Posted October 2, 2017
Last modified October 2, 2017
Pollution closes clam flats in the St. George River
Shellfish harvesting areas in the St. George River, which runs from Waldo County to Knox County, were closed in early September in response to a sewage leak.
The Thomaston Pollution Control Department worked to identify the source of the leak after it was reported by a local resident. The wastewater treatment plant was investigated and deemed safe; officials then turned their focus to inactive sewer lines that remain in place and act as stormwater drains as a possible source of E. coli bacteria. Theories for why the leak is occurring now include dry conditions over the summer followed by heavy rains, as well as possible construction activity, which may have affected the drainage system beneath the town.
Learning opportunities in Harpswell
Learn about the history of Birch Island in Casco Bay as part of Harpswell Heritage Land Trust’s Fall Short Course.
Local historian Dick Snow will lead a classroom presentation on Oct. 18 and field visit on Oct. 21 to the Helen and Walter Norton Preserve on the northeast corner of Birch Island to see old foundations and other remains of past human activity on the island. Space is limited and there is a registration fee.
Additional events hosted by the land trust include talks on ocean acidification and sea-level rise, wild cranberry picking, and a presentation by UMaine Darling Marine Center Director Heather Leslie entitled, “Resilient Coastal Communities and Marine Ecosystems: Translating Science into Action.”
Development of Saco River area islands
On 5.4 acres on the east side of Saco Island where a previous development scheme failed, J&B Partners LLC/Saulnier Development plan a mix of uses including a “luxury” hotel, 60-unit condominium building, 40-unit condominium building, waterfront walkway and open spaces, boat ramp, restaurant, and parking for approximately 200 vehicles. Construction would begin next summer if all the permits are obtained.
Offshore in Saco Bay in waters influenced by the Saco River, the University of New England plans to build a boat ramp on Ram Island, which was donated to the university by resident Arthur Girard in 2014. According to UNE, the island will serve as a research site for the National Science Foundation-funded Undergraduate Saco River Biodiversity Observatory. Students and faculty will conduct coastal zone investigations of climate change, marine geology, invasive species, marine mammal ecology, and interactions with fisheries and marine aquaculture.
Critical habitat for Atlantic sturgeon includes four Maine estuaries
In August, the National Marine Fisheries Service released maps of critical habitat for the Atlantic sturgeon, which is considered threatened in the Gulf of Maine and endangered in the middle and south Atlantic Ocean. The Penobscot, Kennebec, Androscoggin, and Kennebec rivers are mapped as habitat critical to survival of the species.
Sturgeon populations declined because of fishing for the caviar trade in the 20th century. They have not recovered because some continue to be caught accidentally in other fisheries, and their habitat is degraded from pollution, development, and dams.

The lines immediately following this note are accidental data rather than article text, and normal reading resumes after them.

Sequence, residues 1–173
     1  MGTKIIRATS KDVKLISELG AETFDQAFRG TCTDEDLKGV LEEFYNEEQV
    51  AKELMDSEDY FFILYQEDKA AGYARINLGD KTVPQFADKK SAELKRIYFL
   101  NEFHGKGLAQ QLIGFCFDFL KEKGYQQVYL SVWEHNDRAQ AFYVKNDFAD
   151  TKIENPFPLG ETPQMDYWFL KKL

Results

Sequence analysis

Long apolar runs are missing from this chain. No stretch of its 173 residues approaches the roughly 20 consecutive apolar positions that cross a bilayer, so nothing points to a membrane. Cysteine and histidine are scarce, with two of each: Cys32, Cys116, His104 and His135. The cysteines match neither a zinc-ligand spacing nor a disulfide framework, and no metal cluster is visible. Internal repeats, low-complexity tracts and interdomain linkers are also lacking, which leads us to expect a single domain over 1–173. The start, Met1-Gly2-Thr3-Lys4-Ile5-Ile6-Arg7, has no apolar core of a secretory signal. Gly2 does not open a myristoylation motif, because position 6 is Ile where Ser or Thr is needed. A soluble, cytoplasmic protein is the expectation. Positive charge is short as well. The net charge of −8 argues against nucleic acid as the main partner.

The critical habitat designation covers areas that are important spawning and nursery habitat: hard bottom substrate such as rock, cobble, gravel, and bedrock in freshwater spawning areas for settlement of fertilized eggs, refuge, growth, and development of early life stages, as well as downstream freshwater and estuarine segments for juveniles.
Adults need unimpeded access to and from spawning locations (typically at the first rapids or falls) and clean water with abundant food sources in the estuary.
Atlantic sturgeon are the largest of Maine’s native sea-run fishes. They live a long time (up to 60 years!) and mature late. They are also among the oldest living fishes on earth. http://www.fisheries.noaa.gov/pr/species/fish/atlantic-sturgeon.html
Sea urchin fishing season has started
The urchin season has opened for those who fish with rakes, traps, or by hand via SCUBA diving. Dragging begins in December in Zone 1 (west of Penobscot Bay) and October for Zone 2 (Penobscot Bay and east). This year, the Maine Department of Marine Resources has designated the Blue Hill Bay-Upper Jericho Bay area as a limited access area for sea urchin research. Fishermen are required to have a tracking system on board their vessel when fishing for urchins in this area.
According to Margaret Hunter of DMR, the new approach comes because despite management changes in the last decade, sea urchin populations are not recovering.
“Some places have improved while others became depleted, but overall there hasn’t been much change,” she said. “We’ve also noted that roe quality has declined, in both zones. Further cuts to season length or daily catch limits would probably erode the state’s remaining processing infrastructure, so it’s time to find another way to try to rebuild the abundance of good-quality urchins.”
Heeding the recommendations of fishermen who have observed that areas closed to scalloping seemed to have improved urchin abundances, and following other states that have implemented rotational closures for urchins and Maine’s own success with scallop closures, the department decided to run a “small but intense” monitoring and closure experiment to understand local ecosystem dynamics.
Blue Hill Bay and Upper Jericho Bay areas have both scallop and urchin fishing, consistently low urchin abundance, and a moderate level of harvesting. The area is also accessible and relatively easy to enforce.
Catherine Schmitt is communications director for Maine Sea Grant.